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Property Damage Liability
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Property Damage Liability Helps if You Damage Someone Else's Property

Definition of Property Damage

This coverage typically pays if another person's property is damaged when you're legally at fault in an accident.

Here are a few examples of the types of bills you might have to pay if you damage another driver's property:

  • Structural damage to homes, storefronts, etc.
  • Repair or replacement costs for other stationary objects, such as a fence
  • Vehicle repair or replacement costs
If you are responsible and you don't have auto liability insurance, you could be forced to pay out of your own pocket or dip into assets like your house, bank accounts or retirement fund.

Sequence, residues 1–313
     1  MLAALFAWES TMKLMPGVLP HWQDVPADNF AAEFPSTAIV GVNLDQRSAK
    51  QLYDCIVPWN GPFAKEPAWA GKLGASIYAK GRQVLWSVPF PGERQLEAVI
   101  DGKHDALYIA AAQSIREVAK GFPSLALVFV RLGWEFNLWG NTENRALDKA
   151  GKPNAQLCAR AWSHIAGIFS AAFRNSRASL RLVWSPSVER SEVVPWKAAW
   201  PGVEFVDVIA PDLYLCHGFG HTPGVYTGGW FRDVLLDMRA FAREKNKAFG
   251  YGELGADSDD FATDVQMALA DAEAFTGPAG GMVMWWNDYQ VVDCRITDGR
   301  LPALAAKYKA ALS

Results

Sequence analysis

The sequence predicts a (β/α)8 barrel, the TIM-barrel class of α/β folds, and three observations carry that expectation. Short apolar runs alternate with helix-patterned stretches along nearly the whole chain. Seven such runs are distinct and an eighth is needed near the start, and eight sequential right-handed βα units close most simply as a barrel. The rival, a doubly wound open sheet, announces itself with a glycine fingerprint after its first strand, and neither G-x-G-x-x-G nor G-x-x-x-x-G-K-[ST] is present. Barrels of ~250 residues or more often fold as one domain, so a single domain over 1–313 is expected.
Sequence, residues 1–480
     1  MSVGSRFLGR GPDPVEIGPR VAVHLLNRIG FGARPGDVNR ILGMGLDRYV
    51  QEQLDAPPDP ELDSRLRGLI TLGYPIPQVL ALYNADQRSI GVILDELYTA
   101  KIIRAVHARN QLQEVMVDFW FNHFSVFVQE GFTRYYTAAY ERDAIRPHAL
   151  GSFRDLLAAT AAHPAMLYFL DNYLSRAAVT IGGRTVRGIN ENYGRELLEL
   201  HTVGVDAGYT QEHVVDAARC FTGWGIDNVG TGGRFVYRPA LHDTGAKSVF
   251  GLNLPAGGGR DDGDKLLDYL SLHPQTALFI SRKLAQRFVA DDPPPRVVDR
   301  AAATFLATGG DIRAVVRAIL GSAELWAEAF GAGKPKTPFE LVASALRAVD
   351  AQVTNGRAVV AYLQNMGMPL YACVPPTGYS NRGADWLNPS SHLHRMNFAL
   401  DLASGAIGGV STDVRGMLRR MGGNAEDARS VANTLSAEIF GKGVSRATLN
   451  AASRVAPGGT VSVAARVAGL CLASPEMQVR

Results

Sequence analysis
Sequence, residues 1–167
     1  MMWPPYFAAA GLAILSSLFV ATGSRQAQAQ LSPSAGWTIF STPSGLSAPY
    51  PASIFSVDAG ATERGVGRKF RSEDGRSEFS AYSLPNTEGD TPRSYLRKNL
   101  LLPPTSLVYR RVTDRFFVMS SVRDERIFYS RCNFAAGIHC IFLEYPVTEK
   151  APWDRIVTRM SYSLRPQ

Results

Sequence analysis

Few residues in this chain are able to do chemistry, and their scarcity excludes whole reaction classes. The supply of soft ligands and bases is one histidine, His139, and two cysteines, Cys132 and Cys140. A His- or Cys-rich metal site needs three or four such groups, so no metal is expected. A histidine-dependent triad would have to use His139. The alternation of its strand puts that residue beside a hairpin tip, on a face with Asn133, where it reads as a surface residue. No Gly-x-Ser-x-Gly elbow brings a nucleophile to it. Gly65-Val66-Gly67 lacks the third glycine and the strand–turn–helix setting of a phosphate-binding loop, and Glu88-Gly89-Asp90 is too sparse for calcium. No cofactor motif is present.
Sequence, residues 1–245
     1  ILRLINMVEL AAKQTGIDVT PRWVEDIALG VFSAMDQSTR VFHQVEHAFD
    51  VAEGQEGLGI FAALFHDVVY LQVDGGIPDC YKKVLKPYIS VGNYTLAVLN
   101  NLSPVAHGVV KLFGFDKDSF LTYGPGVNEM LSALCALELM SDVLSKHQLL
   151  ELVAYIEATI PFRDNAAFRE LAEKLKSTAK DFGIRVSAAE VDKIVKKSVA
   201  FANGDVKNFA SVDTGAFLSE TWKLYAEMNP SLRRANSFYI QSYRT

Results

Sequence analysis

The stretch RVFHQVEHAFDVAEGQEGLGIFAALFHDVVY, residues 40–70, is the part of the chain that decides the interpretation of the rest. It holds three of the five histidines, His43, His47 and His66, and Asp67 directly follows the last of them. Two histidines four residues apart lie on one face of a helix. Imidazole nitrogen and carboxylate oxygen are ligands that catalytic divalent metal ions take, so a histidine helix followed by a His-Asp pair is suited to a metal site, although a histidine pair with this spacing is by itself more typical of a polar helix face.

How Much Should Your Property Damage Liability Limit Be?

Depending on your situation, you could need the state minimum, or you could need nearly half a million dollars in coverage. It really all depends on your assets, your family and how much risk you're willing to take.

If you want help deciding what your limit should be, try Bumper-to-Bumper Basics®.

How Much Does Property Damage Liability Cost?

The good news is, it's relatively inexpensive compared to some of the other coverages on your auto policy (where available). Even though you're getting hundreds of thousands of dollars in coverage, you'll probably be paying tens of dollars every six months for this powerful protection.

Get an auto insurance quote

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